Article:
Reagan (Ray Winstone) and Carter (Ben Drew) are the two leading lights of London’s Flying Squad, also handily known as The Sweeney. When a previous adversary of Reagan’s, psychopathic killer bank robber Allen (Paul Anderson) makes a reappearance, Reagan becomes obsessed with catching him, raising the suspicions of boss Ivan Lewis (Steven Mackintosh) and causing Carter to grow increasingly worried about the lengths Reagan will go to get his man.
Nick Love is, to put it charitably, a divisive figure in the world of British filmmaking. With critical acclaim for his first feature, 2001′s Goodbye Charlie Bright, he then made a massive splash with 2004′s The Football Factory which built on the likes of The Firm (which Love himself later remade) and I.D. to tell a tale of football hooligans who, through camaraderie and macho pride, kick the crap out of people and have fun doing it. Unlike those earlier films I mentioned, this film didn’t have the awareness to actually point out what kind of loss of pure humanity such activities can do, instead celebrating it and ending with a conclusion which, for me, was morally repugnant. His following films have been designed for the same kind of audience, though none had quite the impact of TFF, and he is now back after a 3-year absence with his highest profile effort to date, a long gestating reboot of the popular 70′s TV show of the same name.
The Sweeney is Nick Love’s best film but there is a fair amount of damning with faint praise inherent within that statement. What I will unabashedly say however is that the opening half hour of this film contains effective filmmaking and a sense of knockabout fun which had this viewer sit up and take notice. An opening raid on a warehouse introduces our two protagonists well, Reagan being the burly and sweary one who is unafraid to bash heads together and call people “SSLLAAGGGGSSS” and Ben Drew putting in a somewhat more self-consciously cool approach, taking the mickey out of his colleague’s love lives and nonchalantly driving through a warehouse door while doing so. This setup, which contains impressive direction from Love, is fairly eye-opening and if the following scenes of celebration feel a little ordinary, the introduction of Hayley Atwell’s Sweeney member, and her relationship with Reagan certainly is not. Atwell manages to pull off the nigh-on impossible task of looking like she really wants to go on Ray Winstone’s Wild Ride. It’s a shame her character doesn’t do much more than that but what Atwell is asked to do she manages with aplomb.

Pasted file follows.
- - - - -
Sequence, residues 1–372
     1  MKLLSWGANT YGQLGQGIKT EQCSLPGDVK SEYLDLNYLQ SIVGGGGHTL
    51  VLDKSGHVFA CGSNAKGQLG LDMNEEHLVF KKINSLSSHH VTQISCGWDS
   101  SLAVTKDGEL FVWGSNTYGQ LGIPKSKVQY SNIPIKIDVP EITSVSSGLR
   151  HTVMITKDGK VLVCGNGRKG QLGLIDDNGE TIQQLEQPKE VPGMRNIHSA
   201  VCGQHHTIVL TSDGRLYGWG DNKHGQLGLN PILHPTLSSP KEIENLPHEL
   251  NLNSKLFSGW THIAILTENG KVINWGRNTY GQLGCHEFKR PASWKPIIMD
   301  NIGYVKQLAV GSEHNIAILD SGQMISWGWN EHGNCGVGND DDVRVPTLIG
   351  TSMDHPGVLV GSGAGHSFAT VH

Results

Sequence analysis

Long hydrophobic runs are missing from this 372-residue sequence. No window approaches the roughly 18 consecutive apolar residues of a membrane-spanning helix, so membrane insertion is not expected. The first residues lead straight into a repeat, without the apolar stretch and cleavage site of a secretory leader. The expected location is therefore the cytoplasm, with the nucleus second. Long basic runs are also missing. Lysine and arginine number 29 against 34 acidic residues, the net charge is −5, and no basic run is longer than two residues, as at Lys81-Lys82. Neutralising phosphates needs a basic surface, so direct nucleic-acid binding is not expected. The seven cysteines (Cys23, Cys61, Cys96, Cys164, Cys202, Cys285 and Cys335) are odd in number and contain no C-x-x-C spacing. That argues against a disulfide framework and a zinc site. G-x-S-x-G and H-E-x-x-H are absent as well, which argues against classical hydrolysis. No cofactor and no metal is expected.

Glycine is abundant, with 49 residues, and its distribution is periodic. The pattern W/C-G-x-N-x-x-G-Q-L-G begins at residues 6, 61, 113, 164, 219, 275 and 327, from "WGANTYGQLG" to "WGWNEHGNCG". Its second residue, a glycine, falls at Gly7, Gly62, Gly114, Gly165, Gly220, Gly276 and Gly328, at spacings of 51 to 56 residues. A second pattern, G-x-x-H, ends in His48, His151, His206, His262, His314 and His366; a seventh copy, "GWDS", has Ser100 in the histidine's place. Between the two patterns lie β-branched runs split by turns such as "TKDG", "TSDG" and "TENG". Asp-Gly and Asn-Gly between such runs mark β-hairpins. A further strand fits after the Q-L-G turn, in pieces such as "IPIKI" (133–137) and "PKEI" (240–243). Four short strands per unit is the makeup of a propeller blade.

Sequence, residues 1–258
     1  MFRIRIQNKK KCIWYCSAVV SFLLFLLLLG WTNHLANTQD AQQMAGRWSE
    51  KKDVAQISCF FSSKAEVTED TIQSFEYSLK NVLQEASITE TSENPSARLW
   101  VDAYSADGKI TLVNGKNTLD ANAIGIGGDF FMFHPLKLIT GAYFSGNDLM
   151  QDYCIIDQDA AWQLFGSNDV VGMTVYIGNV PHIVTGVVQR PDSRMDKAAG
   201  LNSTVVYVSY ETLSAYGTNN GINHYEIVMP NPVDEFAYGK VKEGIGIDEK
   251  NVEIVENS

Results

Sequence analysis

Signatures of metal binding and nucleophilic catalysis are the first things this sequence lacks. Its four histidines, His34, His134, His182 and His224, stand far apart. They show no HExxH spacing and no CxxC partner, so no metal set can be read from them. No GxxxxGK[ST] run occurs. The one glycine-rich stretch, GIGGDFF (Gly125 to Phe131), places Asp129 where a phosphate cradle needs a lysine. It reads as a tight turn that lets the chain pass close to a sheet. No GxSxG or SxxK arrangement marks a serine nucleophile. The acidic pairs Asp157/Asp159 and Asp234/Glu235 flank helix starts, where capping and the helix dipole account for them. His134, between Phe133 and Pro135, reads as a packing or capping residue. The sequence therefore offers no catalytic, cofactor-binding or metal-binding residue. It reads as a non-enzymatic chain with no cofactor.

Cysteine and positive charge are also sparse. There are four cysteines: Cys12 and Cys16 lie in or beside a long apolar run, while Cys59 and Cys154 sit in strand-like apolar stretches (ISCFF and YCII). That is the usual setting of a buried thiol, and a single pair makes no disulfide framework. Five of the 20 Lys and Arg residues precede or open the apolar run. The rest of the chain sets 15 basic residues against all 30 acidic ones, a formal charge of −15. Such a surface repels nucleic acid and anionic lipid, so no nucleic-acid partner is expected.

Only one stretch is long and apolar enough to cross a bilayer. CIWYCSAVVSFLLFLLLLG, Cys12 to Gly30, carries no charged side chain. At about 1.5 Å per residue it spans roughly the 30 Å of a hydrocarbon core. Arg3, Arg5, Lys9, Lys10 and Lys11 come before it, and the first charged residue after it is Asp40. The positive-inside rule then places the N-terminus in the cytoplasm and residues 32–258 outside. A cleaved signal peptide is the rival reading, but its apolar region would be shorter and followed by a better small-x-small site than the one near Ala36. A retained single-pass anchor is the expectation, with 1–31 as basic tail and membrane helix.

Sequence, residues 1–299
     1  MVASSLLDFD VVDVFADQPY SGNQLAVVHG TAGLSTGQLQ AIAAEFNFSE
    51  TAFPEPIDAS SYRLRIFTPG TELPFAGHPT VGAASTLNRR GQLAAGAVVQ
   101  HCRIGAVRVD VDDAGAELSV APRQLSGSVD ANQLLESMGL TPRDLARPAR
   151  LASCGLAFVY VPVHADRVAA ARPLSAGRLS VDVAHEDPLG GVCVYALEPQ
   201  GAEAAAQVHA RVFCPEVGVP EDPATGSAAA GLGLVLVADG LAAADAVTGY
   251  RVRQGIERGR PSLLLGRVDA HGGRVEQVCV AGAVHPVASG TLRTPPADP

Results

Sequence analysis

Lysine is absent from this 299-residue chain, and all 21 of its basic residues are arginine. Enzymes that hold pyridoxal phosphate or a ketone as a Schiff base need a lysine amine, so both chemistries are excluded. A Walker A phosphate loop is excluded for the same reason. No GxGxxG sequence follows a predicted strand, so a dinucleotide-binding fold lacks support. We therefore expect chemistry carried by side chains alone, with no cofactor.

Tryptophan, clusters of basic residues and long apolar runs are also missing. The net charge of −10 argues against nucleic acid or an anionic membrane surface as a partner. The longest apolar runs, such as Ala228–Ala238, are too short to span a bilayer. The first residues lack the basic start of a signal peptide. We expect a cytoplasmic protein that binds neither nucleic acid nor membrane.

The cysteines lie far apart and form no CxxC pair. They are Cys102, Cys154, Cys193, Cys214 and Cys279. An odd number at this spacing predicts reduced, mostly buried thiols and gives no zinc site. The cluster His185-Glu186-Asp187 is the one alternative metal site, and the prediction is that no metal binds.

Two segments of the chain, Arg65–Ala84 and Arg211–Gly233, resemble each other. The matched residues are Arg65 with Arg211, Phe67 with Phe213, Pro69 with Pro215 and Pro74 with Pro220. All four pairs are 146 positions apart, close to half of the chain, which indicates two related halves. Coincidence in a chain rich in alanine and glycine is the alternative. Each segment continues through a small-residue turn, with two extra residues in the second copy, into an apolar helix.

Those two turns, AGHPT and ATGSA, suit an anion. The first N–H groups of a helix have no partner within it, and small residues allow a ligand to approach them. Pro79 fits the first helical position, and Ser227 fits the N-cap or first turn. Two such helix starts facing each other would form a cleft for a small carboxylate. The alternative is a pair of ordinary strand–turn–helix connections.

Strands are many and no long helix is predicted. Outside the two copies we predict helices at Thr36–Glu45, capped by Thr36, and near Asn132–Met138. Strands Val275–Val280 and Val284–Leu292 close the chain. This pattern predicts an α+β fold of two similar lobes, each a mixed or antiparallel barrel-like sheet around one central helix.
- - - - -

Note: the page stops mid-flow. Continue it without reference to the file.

There are other moments to impress scattered through the film though, Winstone crafting Reagan as a man out of his time but one who is still very impressive at what he does. Though he never stretches himself, you won’t want him to. There is also an action sequence in the second act which is staged impressively with very real locations around London being used (though the lack of extras is distracting) and the way the score bubbles under the mix was something that stuck with me also, a stylistic touch I got on board with.
It’s a shame then that the film manages to be something that you really won’t want it to be, one that takes itself seriously. While the antics I described earlier are fun to watch, as the film goes on, it becomes ever clearer that here we have a tale of men doing stuff for themselves to achieve results, damn the establishment, damn those who naysay around them, they will do it anyway. This is the Nick Love ethos, based on his other work it would seem, but here it doesn’t fit, especially when those around Reagan are usually correct. A major 2nd act turn simply would not have happened if Reagan had just sat down and listened. What the film is saying is obvious but its actual message becomes confused through its telling. And hey, if you are reading this saying “it’s The Sweeney, lighten up”, I’d say yes, I agree and I wish someone told Nick Love that.
The rest of the cast are a mixed bag. I have liked Ben Drew in the past but here his understatement becomes something too close to just not even trying. Our own David Hall remarked to me that half of his performance is opening doors and looking stoned and that’s something which really strikes at the heart of the problem here. Paul Anderson is creepily sleazy as Allen, the bad guy of the piece, and Damien Lewis and Steven Mackintosh fill in the ‘superiors who kind of/don’t approve’ roles perfectly well.
The Sweeney is a mixed bag, almost worth seeing for Ray Winstone alone, and while there are other elements to enjoy, it’s a film which doesn’t quite manage to pull off what it wants to do, needing to be either wholly more serious (and likely with a different cast if that was the case) or a lighter, more straight-up fun affair. Still, not as bad as it could have been.